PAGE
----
“… every man jack in the group of surrounding boats took a flying leap into the sea. They came thudding from behind and all around me, taking to the water like a vast army of rats … I turned around to see the reason for this exodus and, to my horror, saw Britannic’s huge propellers churning and mincing up everything near them-men, boats and everything were just one ghastly whirl“.
To avoid being sucked into the Britannic’s propellers that chopped to shreds the lifeboats, one after another, Violet overcame her fear and jumped out of the lifeboat even though she could not swim. She struck her head on the ship’s keel. An arm grabbed her, but Violet shirked it off fearing the arm was that of another person drowning like herself. She surfaced because of the life-belt she was wearing and her clothes almost torn off her.
“… The first thing my smarting eyes beheld was a head near me, a head split open, like a sheep’s head served by the butcher, the poor brains trickling over on to the khaki shoulders. All around were heart-breaking scenes of agony, poor limbs wrenched out as if some giant had torn them in his rage. The dead floated by so peacefully now, men coming up only to go down again for the last time, a look of frightful horror on their faces…“.
At this exact moment, a third lifeboat was about to be shred to pieces by the propellers. Violet Jessop closed her eyes to stop watching the impending massacre. Unaware of the bloodbath generated by the monstrous propeller blades, Captain Bartlett gave orders to stop the engines. The propellers stopped turning, and the occupants of this boat pushed against the blades and escaped with their lives.
Violet Jessop was rescued once again by a lifeboat.
Around 8:50 am noticing the rate of the flooding had decreased, Captain Bartlett gave orders to restart the engines in a second attempt to beach the ship. But he immediately aborted the attempt as water was reported on Deck D.
At 9:00 am, when the water reached the bridge, Captain Bartlett sounded one last blow on the whistle alerting the ship’s engineers, who had remained at their posts until the last possible moment, to evacuate the ship.
Captain Bartlett swam from the bridge to a collapsible lifeboat. From there he coordinated the rescue operations.
The ship rolled over her starboard side. The funnels collapsed. The machinery on the deck fell into the sea.
At 9:07 am, 55 minutes after the explosion, HMHS Britannic, built to be an ocean cruiser, envisaged to be the last word in luxury travel, but never served as a transatlantic passenger liner, sank and vanished into the depths at 37°42’05.0″N 24°17’02.0″E, on its sixth voyage as a hospital ship transporting sick and wounded soldiers.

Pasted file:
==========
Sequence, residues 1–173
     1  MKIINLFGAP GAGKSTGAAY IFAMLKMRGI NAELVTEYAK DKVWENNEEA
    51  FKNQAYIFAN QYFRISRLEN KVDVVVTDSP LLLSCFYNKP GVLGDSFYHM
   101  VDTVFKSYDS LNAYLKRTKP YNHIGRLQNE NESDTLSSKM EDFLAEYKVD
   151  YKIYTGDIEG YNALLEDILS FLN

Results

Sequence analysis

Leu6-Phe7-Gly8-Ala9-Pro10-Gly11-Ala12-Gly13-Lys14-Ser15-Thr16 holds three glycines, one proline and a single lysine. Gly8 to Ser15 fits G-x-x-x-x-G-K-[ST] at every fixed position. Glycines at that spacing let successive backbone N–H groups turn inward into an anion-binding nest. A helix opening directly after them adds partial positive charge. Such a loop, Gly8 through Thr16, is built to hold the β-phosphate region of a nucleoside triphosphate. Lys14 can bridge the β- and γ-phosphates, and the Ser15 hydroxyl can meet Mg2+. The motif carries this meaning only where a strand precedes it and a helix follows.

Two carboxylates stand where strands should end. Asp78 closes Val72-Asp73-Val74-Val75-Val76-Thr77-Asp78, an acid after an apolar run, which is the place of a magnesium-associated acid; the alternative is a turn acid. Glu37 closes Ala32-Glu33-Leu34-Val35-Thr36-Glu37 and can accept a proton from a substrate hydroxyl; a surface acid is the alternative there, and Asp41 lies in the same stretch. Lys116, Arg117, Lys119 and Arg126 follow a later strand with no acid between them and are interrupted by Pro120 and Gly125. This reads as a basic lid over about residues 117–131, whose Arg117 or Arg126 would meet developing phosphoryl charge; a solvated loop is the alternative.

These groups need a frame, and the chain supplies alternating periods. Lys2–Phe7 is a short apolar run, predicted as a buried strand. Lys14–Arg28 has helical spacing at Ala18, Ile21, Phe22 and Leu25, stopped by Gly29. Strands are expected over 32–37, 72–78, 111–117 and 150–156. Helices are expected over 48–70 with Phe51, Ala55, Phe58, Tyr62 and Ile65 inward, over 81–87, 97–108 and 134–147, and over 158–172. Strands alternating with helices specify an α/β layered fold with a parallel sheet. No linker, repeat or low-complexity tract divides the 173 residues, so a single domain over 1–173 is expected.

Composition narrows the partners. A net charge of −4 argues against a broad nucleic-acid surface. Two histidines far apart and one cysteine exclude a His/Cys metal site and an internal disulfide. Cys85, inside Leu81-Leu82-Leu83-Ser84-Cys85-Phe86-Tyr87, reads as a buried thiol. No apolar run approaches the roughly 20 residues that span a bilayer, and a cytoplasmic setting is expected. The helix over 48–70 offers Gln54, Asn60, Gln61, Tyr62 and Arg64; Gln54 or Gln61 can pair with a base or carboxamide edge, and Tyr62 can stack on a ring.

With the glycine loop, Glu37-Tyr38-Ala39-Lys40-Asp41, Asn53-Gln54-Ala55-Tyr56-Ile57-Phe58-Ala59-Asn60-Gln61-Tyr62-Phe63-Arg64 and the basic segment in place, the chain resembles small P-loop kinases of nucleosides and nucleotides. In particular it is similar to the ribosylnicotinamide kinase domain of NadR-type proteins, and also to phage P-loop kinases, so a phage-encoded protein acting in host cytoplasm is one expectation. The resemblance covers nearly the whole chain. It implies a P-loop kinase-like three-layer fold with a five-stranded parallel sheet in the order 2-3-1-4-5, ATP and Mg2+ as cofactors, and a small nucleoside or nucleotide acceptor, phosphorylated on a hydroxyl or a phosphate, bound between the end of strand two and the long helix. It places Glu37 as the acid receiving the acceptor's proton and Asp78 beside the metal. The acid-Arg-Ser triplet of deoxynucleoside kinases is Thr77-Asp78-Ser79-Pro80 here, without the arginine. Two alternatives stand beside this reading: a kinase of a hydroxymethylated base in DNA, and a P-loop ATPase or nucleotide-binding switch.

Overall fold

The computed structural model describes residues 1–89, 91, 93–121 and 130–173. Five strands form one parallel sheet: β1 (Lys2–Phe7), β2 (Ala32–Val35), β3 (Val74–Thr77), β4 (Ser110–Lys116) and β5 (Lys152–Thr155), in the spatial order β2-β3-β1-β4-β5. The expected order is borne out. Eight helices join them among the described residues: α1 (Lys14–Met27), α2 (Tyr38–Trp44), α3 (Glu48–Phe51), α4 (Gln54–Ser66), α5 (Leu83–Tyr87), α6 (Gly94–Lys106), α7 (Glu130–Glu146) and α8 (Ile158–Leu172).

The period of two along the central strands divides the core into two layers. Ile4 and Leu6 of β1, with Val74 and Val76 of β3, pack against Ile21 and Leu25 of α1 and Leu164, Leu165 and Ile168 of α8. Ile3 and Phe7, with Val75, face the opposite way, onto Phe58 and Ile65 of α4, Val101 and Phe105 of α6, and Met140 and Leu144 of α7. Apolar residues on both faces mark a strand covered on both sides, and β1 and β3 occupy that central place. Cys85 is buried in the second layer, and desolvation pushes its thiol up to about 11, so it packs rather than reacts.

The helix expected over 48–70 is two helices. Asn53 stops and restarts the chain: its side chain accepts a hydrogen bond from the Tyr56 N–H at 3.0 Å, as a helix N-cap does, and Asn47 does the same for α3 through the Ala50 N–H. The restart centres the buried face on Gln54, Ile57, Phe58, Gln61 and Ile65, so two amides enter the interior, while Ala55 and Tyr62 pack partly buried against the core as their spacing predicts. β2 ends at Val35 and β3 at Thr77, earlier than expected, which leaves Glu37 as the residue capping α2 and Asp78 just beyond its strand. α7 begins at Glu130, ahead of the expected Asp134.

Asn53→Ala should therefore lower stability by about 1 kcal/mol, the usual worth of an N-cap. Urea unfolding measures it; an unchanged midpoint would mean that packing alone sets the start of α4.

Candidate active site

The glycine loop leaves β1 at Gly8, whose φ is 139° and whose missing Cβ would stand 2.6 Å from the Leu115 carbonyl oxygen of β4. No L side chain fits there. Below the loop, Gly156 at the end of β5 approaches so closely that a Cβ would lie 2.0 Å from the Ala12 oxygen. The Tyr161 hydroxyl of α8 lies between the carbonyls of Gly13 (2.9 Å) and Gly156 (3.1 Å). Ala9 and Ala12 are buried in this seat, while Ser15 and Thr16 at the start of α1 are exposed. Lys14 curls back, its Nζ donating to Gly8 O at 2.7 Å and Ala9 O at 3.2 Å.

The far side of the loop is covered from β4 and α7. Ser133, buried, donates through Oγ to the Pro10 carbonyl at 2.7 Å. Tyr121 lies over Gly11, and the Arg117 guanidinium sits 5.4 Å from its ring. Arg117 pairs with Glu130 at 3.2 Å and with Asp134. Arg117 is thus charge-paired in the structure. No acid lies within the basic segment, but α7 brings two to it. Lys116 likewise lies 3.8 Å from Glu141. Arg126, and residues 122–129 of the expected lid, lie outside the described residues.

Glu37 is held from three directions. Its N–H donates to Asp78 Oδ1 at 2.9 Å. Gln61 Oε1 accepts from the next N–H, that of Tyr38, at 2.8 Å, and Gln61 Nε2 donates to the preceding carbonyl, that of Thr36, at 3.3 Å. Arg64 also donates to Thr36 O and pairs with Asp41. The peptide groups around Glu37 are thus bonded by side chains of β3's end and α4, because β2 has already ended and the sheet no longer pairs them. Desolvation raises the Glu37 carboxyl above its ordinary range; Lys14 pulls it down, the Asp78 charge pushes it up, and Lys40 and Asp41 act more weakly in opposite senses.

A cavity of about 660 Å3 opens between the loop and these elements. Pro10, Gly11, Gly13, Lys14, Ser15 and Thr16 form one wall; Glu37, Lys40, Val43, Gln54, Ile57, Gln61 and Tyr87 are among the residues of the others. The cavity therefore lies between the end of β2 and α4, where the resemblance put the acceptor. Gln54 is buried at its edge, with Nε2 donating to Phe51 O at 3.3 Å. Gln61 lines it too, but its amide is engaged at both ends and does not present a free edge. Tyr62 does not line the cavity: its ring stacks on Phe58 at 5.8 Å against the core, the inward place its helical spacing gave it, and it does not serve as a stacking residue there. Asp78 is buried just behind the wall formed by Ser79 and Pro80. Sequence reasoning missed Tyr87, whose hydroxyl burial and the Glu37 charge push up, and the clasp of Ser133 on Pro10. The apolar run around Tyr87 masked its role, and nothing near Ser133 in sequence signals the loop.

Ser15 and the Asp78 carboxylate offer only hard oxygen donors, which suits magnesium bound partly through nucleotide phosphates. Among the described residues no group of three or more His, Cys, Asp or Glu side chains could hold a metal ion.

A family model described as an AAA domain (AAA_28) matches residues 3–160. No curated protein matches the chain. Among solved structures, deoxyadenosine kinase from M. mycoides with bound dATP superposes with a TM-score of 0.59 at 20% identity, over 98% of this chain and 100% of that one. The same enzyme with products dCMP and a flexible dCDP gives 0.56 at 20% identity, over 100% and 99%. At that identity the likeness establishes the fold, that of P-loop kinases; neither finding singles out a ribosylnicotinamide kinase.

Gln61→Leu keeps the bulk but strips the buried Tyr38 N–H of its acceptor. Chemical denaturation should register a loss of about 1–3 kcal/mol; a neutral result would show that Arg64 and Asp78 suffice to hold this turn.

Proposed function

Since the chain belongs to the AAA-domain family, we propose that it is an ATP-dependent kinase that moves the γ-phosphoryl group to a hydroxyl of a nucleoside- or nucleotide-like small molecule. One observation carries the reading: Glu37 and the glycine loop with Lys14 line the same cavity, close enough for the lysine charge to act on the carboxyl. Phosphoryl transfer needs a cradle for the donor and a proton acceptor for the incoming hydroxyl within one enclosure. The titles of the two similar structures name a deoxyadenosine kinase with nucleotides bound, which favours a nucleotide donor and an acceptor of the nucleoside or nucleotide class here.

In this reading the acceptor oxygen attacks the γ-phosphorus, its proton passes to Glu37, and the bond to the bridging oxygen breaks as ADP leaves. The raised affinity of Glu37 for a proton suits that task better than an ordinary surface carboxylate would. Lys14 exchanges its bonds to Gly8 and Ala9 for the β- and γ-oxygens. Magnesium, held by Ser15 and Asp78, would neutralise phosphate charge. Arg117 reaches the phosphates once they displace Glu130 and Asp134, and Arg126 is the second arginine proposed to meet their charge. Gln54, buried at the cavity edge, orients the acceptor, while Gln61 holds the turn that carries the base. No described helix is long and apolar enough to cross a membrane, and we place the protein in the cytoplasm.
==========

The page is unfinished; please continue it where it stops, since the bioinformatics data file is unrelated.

Reverend John Fleming who left the sinking ship in the second-last boat, described the sinking:
“Gradually the waters licked up and up the decks — the furnaces belching forth volumes of smoke, as if the great engines were in their last death agony; one by one the monster funnels melted away as wax before a flame, and crashed upon the decks, till the waters rushed down; then report after report rang over the sea, telling of the explosions of the boilers. The waters moved over the deck still, the bows of the ship dipping deeper and deeper into the sea, until the rudder stood straight up from the surface of the water, and, poised thus for a few moments, dived perpendicularly into the depths, leaving hardly a ripple behind. A sense of the desert overwhelmed my soul.“
The HMHS Britannic was the third and largest Olympic-class ocean liner of the White Star Line larger than the RMS Titanic.
Some sources claim the ship was to be named “Gigantic“. At least one set of documentations exists, in which Noah Hingley & Sons Ltd., in Netherton, near Dudley, United Kingdom, discuss the order for the ship’s anchors; this documentation states that the name of the ship is Gigantic. It appears more probable that the name Gigantic must have been used informally in correspondence with Harland & Wolff before being dropped quietly. However, Tom McCluskie affirmed that in his capacity as Archive Manager and Historian at Harland & Wolff, he “never saw any official reference to the name ‘Gigantic’ being used or proposed for the third of the Olympic class vessels.”